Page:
|Publication number||US278485 A|
|Publication date||May 29, 1883|
|Filing date||Aug 11, 1881|
|Publication number||US 278485 A, US 278485A, US-A-278485, US278485 A, US278485A|
|Export Citation||BiBTeX, EndNote, RefMan|
|Referenced by (10), Classifications (1)|
|External Links: USPTO, USPTO Assignment, Espacenet|
L t e e h S S TU. e e h S 2 D L 0 N R A S m d o M 0 W METHOD OF AND APPARATUS FOR TRIMMING AND SEWING FABRICS.
N. PETERS. Pholo'mhngnphnr, Wzihingnn, ac.
2 Sheets-Sheet 2.-
S ARNOLD. METHOD OF AND APPARATUSDFORZTRIMMING AND SEWING FABRICS.
No; 278,485. Pa tented May 29,1883.
N. PUKRS. PhokcvLilMgraph-r, Walhlngton, D, c4
UNITED STATES PATENT ()FFICEt" SATTERLEE nson), 0F TROY,ASSIGNOR TO ANNA M. ARNOLD, on NEW l YonK, N.'Y.
METHOD OF AND APPARATUS FOR TRIMMING AND SEWING FABRICS. A
SPECIFICATION formingpart of Letters Patent No. 278,485, dated May 29, 1883.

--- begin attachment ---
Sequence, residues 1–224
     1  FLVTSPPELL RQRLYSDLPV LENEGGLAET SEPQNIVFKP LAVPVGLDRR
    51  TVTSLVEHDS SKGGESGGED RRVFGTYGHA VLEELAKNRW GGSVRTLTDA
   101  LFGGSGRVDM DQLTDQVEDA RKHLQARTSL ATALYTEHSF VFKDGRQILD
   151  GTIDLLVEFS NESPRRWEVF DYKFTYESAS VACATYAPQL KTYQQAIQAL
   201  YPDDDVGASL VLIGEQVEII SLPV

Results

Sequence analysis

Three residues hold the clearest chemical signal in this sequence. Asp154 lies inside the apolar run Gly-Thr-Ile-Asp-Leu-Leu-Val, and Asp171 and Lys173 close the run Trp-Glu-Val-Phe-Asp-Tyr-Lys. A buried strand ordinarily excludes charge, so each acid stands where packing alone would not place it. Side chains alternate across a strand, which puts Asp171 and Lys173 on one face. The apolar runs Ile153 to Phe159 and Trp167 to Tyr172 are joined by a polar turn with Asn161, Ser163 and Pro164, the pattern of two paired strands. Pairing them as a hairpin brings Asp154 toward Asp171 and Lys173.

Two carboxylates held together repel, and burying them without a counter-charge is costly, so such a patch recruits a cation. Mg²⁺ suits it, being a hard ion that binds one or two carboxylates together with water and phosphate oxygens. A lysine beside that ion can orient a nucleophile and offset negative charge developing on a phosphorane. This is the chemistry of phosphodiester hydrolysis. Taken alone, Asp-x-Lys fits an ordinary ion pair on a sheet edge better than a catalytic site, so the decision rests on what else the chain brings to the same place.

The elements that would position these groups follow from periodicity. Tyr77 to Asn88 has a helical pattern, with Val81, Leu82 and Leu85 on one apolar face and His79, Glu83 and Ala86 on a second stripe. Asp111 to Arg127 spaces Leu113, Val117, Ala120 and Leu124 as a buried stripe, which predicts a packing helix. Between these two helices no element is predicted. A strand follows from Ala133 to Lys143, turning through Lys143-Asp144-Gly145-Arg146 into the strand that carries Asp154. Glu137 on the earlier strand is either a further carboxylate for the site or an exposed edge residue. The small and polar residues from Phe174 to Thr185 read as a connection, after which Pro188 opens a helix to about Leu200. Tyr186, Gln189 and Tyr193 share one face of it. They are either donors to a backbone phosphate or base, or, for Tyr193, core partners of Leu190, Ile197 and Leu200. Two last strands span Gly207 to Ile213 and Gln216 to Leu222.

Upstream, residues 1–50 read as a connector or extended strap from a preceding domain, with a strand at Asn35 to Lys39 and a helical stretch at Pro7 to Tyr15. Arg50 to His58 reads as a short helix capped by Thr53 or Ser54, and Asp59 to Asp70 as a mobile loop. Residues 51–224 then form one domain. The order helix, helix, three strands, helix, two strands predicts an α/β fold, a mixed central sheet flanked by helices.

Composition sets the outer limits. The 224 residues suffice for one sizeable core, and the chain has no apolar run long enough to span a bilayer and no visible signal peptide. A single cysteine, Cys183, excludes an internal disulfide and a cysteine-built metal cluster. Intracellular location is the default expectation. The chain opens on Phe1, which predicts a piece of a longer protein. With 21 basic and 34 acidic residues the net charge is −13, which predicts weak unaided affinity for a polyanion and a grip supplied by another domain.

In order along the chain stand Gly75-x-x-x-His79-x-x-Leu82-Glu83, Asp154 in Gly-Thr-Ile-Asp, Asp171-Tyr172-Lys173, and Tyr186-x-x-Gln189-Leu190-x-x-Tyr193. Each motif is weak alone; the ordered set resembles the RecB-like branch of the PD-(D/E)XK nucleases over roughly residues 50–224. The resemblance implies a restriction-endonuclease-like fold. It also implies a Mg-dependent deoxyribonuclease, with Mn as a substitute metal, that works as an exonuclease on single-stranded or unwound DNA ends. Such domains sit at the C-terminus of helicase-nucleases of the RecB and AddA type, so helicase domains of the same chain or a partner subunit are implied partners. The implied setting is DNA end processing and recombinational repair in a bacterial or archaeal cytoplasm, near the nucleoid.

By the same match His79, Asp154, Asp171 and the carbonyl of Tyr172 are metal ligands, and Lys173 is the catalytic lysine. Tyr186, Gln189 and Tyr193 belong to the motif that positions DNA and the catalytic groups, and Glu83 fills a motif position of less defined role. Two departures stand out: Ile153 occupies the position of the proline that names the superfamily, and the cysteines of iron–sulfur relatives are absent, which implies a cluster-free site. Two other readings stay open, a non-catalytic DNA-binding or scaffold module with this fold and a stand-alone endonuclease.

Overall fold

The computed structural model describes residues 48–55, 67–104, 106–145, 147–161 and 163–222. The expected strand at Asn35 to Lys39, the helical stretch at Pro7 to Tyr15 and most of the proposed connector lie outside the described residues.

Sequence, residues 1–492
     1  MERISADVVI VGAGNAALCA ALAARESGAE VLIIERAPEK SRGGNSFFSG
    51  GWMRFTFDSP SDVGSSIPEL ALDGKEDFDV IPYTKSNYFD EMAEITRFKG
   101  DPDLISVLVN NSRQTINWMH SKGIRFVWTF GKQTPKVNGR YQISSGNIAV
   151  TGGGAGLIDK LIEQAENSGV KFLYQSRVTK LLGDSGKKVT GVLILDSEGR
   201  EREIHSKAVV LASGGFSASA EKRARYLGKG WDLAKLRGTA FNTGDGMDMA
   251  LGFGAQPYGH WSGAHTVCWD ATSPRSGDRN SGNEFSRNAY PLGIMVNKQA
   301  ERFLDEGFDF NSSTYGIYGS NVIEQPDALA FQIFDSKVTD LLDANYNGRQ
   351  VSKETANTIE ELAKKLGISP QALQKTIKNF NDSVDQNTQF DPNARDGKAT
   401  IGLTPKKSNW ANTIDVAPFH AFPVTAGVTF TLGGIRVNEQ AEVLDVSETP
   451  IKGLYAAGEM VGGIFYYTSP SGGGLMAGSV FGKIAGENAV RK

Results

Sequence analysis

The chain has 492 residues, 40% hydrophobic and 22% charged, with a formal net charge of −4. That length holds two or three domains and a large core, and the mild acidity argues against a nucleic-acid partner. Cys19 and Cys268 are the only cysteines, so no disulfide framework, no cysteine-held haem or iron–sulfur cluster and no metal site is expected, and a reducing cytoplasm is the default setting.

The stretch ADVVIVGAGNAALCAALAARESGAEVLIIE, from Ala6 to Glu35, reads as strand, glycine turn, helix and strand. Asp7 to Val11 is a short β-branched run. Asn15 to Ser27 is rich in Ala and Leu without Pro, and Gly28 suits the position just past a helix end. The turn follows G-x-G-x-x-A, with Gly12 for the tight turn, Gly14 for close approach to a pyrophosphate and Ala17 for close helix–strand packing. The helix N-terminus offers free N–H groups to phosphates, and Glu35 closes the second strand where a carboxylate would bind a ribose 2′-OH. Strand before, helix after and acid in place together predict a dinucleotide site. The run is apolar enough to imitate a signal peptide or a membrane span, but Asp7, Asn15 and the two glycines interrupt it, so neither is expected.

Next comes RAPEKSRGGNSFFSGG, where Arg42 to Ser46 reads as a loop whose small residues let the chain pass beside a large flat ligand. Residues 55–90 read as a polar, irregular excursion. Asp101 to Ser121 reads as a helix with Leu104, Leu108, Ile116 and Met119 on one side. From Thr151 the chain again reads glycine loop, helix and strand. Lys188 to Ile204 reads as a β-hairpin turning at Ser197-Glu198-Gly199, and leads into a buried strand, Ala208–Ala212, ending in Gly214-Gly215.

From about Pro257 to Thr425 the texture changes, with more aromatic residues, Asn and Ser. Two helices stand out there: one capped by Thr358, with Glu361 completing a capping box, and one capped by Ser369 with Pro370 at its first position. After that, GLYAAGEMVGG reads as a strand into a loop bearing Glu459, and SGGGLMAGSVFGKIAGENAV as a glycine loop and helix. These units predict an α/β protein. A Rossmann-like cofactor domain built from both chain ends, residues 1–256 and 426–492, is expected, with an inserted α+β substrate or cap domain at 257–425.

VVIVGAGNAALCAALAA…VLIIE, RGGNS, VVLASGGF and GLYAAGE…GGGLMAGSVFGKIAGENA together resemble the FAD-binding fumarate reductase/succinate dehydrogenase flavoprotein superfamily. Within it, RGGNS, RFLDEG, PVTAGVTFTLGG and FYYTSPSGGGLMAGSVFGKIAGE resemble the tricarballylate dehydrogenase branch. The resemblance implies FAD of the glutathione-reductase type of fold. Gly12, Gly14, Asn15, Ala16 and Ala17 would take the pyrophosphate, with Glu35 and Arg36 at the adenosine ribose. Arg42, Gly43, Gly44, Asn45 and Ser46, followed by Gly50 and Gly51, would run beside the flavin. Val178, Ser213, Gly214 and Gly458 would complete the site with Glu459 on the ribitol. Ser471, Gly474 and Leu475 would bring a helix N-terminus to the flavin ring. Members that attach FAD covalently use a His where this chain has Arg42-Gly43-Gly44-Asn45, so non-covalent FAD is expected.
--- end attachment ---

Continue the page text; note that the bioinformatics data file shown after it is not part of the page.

' Application filed August 11, 1881. (No model.)
To all w'ltom tit may concern:
Be it known that I, SATTERLEE ARNOLD, a citizen of the United States of} America, residing at Troy, in the county of Rensselaer and State of New York, have invented certainnew and useful Improvements in Methods of and Apparatus for Trimmingand Sewing Fabrics;
and I do hereby declare the following to be a for accomplishing the objects herein stated. 7
Fig.2 is another perspective view, showing the trimmed fabric fed to and through the sewing-machine. v Fig. 3 is a plan view of the guide-rail. Fig; 4 is a perspective view of a portion of a pin-plate. Fig. 5 is aperspective view of the pointed wire.
A This invention, which relates to the art of trimming and sewing fabrics, consists in the artor method of overlapping the edges of the fabric, then trimming the continuous edges for a seam, then moving the trimmed edges closer together, then guiding and feeding the fabric with the trimmed edgesin juxtaposition to a sewing machine, and finally uniting them by overseamin g and anchoring or auxiliary stitchesfi My invention also consists in the art of trimming and uniting fabric, the same consisting in overlapping the edges of the fabric, then simultaneously trimming the continuous edges for a seam, then guiding and feeding the fabric with the trimmed edges in juxtaposition to asewing-machine, and finally uniting them by stitches.